Leaving a management position can be a difficult choice for any manager. The perks are great: better salary and benefits, more responsibility and leverage within the company or organization. However, you may feel overly stressed, tired or in need of a career change. It helps to be able to identify your reasons for leaving your current management position—for yourself as well as your colleagues and acquaintances—before you make the leap.
Sit down with a pen and piece of paper and think about all of your reasons for wanting to leave your management position. Write down these reasons in a list. Some of them may include having too much responsibility, not liking your company or co-workers for various reasons or wanting a career change or simply a job change. Another reason may be that you no longer believe in your company or organization's leadership, business practices or ethics. Perhaps you miss direct client and customer contact, and you want to be involved in the daily operations of your organization again.
Take a break from your list for a while. This will give you time to think over which of your reasons justify leaving your management position.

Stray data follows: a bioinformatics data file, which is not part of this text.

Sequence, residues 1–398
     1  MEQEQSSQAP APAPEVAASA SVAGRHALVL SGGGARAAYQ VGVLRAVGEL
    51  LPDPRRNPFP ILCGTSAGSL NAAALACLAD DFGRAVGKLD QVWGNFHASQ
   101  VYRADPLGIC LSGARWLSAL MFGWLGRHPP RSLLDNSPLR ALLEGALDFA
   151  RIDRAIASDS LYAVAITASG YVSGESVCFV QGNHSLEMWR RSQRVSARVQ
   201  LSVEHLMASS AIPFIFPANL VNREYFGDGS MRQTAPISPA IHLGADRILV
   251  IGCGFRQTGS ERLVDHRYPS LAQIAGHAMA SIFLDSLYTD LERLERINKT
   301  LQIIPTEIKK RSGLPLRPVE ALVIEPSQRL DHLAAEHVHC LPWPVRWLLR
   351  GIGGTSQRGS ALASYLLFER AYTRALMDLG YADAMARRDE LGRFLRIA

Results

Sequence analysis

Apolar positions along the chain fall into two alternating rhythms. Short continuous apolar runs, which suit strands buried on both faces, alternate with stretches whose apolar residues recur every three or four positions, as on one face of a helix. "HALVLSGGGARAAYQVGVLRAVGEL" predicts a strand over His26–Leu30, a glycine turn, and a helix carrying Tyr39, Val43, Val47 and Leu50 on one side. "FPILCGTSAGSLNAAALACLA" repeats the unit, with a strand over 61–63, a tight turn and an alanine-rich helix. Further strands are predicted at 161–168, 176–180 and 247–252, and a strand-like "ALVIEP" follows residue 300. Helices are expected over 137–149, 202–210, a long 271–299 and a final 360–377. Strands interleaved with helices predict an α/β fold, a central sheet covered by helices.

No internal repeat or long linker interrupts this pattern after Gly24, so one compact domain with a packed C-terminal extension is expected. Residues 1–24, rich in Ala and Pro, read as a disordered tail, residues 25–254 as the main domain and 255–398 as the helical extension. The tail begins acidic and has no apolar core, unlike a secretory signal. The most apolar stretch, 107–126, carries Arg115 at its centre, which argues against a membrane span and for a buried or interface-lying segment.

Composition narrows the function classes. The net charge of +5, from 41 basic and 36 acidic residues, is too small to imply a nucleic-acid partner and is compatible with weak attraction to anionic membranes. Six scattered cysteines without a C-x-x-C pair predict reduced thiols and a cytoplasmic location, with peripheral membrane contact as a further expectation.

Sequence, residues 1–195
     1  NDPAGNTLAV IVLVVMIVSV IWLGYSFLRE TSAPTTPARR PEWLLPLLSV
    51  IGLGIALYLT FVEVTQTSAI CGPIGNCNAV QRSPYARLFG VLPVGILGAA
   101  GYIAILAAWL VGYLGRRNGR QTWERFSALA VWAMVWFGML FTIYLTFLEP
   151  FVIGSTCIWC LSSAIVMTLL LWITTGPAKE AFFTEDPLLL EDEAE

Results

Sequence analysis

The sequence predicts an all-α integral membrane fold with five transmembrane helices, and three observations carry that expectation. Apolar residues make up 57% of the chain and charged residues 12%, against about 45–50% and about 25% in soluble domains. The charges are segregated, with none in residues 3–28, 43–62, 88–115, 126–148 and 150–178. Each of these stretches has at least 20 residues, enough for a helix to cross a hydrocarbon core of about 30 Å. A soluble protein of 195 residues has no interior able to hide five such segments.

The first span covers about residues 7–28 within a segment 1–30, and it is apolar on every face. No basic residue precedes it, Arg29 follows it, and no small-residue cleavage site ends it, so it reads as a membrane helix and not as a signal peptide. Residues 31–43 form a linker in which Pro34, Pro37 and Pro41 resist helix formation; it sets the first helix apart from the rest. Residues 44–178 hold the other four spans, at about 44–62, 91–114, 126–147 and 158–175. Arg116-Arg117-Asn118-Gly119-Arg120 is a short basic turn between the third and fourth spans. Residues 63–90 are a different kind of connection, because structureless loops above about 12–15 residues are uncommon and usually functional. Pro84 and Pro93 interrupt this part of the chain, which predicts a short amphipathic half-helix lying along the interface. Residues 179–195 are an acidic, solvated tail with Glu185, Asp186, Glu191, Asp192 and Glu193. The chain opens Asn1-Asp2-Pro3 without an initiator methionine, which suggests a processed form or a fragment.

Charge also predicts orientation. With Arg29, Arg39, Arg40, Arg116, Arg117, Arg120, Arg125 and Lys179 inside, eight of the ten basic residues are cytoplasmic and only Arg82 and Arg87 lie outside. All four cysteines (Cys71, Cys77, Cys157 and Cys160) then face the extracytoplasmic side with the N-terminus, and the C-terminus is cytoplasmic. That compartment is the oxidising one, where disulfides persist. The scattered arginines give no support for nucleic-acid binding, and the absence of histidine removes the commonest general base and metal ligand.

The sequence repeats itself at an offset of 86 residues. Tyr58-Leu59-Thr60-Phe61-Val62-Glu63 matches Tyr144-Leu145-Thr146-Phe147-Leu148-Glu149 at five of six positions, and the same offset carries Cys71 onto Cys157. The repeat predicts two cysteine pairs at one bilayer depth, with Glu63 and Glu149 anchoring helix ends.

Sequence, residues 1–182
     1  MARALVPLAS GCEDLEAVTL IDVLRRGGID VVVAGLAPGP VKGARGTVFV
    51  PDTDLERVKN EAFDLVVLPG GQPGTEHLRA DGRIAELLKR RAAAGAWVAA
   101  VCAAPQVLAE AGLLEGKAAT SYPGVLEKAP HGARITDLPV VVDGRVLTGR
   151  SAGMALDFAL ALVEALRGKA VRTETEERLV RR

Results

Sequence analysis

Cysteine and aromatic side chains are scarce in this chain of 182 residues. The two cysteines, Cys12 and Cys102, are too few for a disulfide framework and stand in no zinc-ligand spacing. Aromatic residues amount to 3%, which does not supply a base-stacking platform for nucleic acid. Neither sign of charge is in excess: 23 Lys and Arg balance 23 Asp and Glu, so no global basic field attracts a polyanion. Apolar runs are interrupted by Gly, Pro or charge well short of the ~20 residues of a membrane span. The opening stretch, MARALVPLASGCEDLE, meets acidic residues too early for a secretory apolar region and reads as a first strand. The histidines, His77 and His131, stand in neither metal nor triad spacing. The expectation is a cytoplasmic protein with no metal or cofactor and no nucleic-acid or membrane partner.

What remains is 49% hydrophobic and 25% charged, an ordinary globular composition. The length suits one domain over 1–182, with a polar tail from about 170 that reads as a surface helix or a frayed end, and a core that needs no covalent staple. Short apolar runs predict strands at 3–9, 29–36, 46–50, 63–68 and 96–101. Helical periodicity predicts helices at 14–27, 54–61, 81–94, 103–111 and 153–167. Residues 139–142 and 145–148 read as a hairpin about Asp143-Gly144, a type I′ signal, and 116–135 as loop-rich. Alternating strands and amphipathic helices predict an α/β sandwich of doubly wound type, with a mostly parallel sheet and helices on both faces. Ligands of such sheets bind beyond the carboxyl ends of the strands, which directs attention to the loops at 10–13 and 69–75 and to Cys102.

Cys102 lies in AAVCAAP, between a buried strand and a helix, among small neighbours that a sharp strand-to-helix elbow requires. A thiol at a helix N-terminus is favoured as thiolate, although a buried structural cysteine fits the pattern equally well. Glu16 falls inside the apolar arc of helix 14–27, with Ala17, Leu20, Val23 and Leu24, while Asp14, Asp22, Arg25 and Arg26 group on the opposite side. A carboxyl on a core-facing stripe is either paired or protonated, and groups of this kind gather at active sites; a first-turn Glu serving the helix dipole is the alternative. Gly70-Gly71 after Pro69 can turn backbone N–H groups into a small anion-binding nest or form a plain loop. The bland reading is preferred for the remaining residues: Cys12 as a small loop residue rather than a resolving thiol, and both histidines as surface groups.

Write down the reasons to stay in your management position on the other side of the paper where you wrote down your reasons for leaving. These may include having good benefits and salary.
Compare the two lists by rewriting them side by side on a new sheet of paper. Weigh each reason you want to leave your current management job against each of the reasons to remain a manager. Cross off the reasons you want to leave your job if you do not think they justify quitting, after considering what you would give up.
When people ask why you don't want to be a manager anymore, cite reasons from your list that you did not cross out. Once you can clearly identify your reasons for leaving your management job, you will be able to confidently make your case for change to others.